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Thousands attend CHEO Foundation annual Teddy Bear Picnic

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After a long "paws," the 37th annual CHEO Foundation Teddy Bear Picnic made a return on Sunday, to say thank you to the community as the children's hospital celebrates its 50th year.

The event is back for the first time in five years, kicking things off with a celebrity breakfast, where CTV’s-own Patricia Boal was serving pancakes.

"We’ve got kids coming in through the gates. We’ve been planning this for some time as you can imagine it was great to be finally here and seeing everybody have some fun," said Steve Read, the president and CEO of the CHEO Foundation.

9-year-old Mila brought her two much-loved stuffed animals for a check-up at the CHEO Bear Hospital.

"I want them to get a check-up because I don’t know if they need more stuffing," she said.

At the bear hospital, volunteers were on hand mending much-loved stuffed animals from check-ups, to surgery, to patching up little arms.

CTV's Patricia Boal handing out pancakes at the annual CHEO Foundation Teddy Bear Picnic on June, 16, 2024. (Katelyn Wilson/CTV News Ottawa)

"It just warms our hearts, it’s a reminder of how important this institution is for the well-being of all kids and our whole community," said Alex Munter, the CEO of CHEO.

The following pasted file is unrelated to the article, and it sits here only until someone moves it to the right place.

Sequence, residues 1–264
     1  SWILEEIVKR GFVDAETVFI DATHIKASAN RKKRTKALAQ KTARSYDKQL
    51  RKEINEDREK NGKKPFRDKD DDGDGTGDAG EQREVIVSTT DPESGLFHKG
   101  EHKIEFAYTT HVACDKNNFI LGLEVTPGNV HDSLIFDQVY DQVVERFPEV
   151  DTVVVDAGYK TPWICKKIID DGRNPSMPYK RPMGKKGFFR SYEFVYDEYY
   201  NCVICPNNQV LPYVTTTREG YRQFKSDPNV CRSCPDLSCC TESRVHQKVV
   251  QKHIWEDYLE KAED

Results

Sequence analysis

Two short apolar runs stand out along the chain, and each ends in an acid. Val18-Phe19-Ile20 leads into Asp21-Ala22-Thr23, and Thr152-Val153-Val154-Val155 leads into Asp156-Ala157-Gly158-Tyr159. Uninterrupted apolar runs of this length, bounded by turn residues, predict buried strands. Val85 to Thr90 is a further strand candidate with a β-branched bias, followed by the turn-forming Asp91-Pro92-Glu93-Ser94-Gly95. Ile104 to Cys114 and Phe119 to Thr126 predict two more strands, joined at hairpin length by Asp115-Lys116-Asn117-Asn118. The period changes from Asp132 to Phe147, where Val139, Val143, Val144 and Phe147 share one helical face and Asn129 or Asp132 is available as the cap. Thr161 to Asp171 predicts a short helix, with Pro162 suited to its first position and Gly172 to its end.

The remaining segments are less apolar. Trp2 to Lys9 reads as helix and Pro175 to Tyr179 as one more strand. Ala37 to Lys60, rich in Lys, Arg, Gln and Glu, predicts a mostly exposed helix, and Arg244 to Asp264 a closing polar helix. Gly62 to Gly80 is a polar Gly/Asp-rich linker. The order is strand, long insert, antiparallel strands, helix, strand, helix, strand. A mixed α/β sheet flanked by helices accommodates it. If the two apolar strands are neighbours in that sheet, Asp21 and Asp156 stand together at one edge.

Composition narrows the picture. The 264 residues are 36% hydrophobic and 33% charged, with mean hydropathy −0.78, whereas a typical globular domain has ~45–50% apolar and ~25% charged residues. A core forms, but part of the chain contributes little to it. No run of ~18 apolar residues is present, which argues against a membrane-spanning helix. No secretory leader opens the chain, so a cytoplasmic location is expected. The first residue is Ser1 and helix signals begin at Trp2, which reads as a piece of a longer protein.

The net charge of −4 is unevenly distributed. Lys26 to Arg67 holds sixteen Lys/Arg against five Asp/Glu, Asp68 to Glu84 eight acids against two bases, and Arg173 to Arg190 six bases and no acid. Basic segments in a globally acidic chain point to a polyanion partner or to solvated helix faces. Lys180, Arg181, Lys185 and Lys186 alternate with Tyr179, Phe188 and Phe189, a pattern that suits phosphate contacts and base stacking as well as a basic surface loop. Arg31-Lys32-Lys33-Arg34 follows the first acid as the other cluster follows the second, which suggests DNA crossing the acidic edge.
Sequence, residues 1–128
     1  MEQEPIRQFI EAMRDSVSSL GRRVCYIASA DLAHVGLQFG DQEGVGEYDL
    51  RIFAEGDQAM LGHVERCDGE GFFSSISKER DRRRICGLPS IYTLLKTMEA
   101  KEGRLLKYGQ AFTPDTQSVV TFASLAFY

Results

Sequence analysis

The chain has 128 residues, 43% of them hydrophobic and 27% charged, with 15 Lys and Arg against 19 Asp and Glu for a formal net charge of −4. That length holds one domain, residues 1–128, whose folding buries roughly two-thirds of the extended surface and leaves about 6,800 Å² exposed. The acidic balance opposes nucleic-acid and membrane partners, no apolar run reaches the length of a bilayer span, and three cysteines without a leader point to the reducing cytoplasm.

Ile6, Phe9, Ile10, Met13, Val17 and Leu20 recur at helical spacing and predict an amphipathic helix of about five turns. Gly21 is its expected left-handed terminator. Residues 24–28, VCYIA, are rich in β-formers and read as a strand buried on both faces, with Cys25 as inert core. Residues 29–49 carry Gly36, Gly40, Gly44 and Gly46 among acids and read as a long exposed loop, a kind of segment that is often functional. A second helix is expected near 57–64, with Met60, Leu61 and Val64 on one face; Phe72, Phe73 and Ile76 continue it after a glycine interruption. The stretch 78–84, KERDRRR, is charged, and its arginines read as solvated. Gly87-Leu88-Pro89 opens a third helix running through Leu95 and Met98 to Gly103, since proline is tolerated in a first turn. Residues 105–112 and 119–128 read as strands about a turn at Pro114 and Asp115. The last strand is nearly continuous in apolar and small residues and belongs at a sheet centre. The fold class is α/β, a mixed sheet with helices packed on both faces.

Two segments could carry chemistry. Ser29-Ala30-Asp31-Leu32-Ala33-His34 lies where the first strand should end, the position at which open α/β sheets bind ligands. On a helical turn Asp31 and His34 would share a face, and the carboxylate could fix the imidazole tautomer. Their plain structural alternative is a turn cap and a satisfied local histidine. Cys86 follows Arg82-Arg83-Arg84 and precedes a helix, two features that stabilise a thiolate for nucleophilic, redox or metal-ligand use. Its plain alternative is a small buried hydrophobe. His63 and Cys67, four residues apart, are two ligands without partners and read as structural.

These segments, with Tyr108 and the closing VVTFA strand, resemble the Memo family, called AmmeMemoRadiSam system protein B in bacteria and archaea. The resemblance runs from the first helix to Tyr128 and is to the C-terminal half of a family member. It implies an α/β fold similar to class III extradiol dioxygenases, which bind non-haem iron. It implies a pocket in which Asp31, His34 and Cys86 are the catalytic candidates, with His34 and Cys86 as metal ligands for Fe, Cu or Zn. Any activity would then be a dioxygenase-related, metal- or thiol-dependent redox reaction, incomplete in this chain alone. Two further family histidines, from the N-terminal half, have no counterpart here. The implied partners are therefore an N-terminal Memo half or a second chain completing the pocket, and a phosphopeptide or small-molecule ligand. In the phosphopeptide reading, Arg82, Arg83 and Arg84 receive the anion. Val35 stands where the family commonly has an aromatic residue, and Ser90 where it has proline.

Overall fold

The event is a way to say thank you to the community for all the support over the past 50 years.

"We’ve had to use the services of CHEO, so we understand the importance of having the hospital in the community, we’re very supportive," said Ottawa resident, Michelle Peralta.

CHEO's 50th anniversary is a big milestone for the hospital that has helped many families, including 4-year-old Rosalie who remembers her visits fondly.

"I love CHEO, it’s very important to me," she said.

Whether it’s a hug, someone to put a smile on your face, or sing a song, CHEO staff and the community were out in full force, celebrating its many programs. Isaac the therapy dog was also on hand celebrating a big milestone of his own – his 10th birthday.

"When children come in, we want them to be as comfortable as possible," Emily Jamieson, CHEO's vice-president of corporate philanthropy and engagement.

"These extra programs make them feel like they’re somewhat at home when they’re going through procedures and challenging times."

A child feeds a goat at the annual CHEO Foundation Teddy Bear Picnic on June 16, 2024. (Katelyn Wilson/CTV News Ottawa)

CHEO has been a major institution in the nation's capital since 1974, serving children and their families not only from eastern Ontario but also from northern Ontario, western Quebec and Nunavut.

Last week, the CHEO Telethon on CTV Ottawa raised $720,600 after a two-week campaign of raising money and awareness for the hospital.

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